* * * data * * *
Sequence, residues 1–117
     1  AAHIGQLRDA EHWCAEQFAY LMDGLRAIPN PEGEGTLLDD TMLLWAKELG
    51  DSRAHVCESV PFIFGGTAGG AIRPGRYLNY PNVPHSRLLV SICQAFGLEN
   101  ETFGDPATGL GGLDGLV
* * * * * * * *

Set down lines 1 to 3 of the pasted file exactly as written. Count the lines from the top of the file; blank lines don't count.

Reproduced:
Sequence, residues 1–117
     1  AAHIGQLRDA EHWCAEQFAY LMDGLRAIPN PEGEGTLLDD TMLLWAKELG
    51  DSRAHVCESV PFIFGGTAGG AIRPGRYLNY PNVPHSRLLV SICQAFGLEN